A growing body of evidence suggests that, during decision-making, BOLD signal in the VMPFC correlates both with motivational variables – such as incentives and expected values – and metacognitive variables – such as confidence judgments, which reflect the subjective probability of being correct. At the behavioral level, we recently demonstrated that the value of monetary stakes bias confidence judgments, with gain (respectively loss) prospects increasing (respectively decreasing) confidence judgments, even for similar levels of difficulty and performance. If and how this value-confidence interaction is also reflected in VMPFC signals remains unknown. Here, we used an incentivized perceptual decision-making task that dissociates key decision-making variables, thereby allowing to test several hypotheses about the role of the VMPFC in the incentive-confidence interaction. While initial analyses seemingly indicate that VMPFC combines incentives and confidence to form an expected value signal, we falsified this conclusion with a meticulous dissection of qualitative activation patterns. Rather, our results show that strong VMPFC confidence signals observed in trials with gain prospects are disrupted in trials with no – or negative (loss) monetary prospects. Deciphering how decision variables are represented and interact at finer scales (population codes, individual neurons) seems necessary to better understand biased (meta)cognition.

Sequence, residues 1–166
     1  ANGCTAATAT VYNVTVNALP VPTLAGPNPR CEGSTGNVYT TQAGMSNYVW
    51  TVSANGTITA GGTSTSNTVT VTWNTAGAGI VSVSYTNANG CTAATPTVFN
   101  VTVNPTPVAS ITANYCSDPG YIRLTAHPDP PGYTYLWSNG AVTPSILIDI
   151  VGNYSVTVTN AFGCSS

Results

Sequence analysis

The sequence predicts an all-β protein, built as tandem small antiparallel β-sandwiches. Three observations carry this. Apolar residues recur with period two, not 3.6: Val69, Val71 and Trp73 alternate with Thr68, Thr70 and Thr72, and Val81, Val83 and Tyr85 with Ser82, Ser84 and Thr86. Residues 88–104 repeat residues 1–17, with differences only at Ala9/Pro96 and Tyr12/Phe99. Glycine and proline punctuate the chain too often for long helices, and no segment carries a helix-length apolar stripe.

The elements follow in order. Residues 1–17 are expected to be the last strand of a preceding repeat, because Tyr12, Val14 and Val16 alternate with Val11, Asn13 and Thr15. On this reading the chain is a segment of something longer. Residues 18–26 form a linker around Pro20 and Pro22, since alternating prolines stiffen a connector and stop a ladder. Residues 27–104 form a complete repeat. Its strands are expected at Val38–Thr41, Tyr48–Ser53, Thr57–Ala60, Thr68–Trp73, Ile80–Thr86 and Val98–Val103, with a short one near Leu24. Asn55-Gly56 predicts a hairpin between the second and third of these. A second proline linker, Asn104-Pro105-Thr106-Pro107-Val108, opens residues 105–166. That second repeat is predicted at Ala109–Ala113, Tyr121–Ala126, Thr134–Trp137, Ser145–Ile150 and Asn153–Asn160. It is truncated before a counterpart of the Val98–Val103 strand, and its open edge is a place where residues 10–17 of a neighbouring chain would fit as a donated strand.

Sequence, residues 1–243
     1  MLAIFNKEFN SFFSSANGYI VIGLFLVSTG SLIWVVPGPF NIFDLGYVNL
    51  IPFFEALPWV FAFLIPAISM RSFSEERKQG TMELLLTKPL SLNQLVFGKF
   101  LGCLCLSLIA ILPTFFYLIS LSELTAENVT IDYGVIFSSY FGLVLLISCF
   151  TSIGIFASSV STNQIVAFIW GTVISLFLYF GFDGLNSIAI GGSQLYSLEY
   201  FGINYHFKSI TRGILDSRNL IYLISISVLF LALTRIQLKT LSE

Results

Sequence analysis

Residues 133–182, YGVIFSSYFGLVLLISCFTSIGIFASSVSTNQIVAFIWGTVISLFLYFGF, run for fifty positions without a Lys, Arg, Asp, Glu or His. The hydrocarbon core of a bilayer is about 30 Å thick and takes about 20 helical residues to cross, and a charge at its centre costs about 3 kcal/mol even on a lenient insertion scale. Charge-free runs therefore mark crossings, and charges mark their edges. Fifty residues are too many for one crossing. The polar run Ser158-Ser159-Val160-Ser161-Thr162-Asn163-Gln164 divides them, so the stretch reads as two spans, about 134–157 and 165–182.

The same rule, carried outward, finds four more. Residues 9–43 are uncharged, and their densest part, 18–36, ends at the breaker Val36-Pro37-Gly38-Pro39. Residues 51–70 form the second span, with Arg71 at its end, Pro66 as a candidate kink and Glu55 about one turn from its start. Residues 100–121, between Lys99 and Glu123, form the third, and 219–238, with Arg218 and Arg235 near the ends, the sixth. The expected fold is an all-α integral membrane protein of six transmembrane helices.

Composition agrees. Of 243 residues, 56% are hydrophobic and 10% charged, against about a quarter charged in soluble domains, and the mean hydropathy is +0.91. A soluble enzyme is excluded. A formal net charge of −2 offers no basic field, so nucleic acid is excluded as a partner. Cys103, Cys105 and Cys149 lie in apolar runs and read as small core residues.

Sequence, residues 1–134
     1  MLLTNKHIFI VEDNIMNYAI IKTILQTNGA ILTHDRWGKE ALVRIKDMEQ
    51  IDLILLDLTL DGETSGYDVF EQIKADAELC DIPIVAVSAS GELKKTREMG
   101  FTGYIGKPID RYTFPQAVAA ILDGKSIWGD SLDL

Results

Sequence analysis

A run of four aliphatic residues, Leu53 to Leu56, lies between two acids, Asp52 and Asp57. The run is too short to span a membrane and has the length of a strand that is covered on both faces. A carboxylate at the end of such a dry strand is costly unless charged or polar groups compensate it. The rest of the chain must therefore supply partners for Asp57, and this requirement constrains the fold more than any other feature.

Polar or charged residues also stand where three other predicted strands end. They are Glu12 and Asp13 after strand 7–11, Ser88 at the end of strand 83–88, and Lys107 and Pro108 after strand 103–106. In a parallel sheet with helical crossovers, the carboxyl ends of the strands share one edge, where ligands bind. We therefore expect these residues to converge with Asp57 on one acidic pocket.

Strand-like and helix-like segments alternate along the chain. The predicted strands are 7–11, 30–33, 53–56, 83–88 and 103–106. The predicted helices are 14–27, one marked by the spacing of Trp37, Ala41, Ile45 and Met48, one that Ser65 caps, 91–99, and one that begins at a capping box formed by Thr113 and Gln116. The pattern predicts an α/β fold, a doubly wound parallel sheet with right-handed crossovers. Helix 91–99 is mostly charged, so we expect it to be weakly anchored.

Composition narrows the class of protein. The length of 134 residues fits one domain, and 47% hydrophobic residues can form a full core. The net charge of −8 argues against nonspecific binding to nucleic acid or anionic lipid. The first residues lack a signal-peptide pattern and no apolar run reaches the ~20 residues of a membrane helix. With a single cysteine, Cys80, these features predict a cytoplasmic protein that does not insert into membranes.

bioRxiv Subject Collection: Neuroscience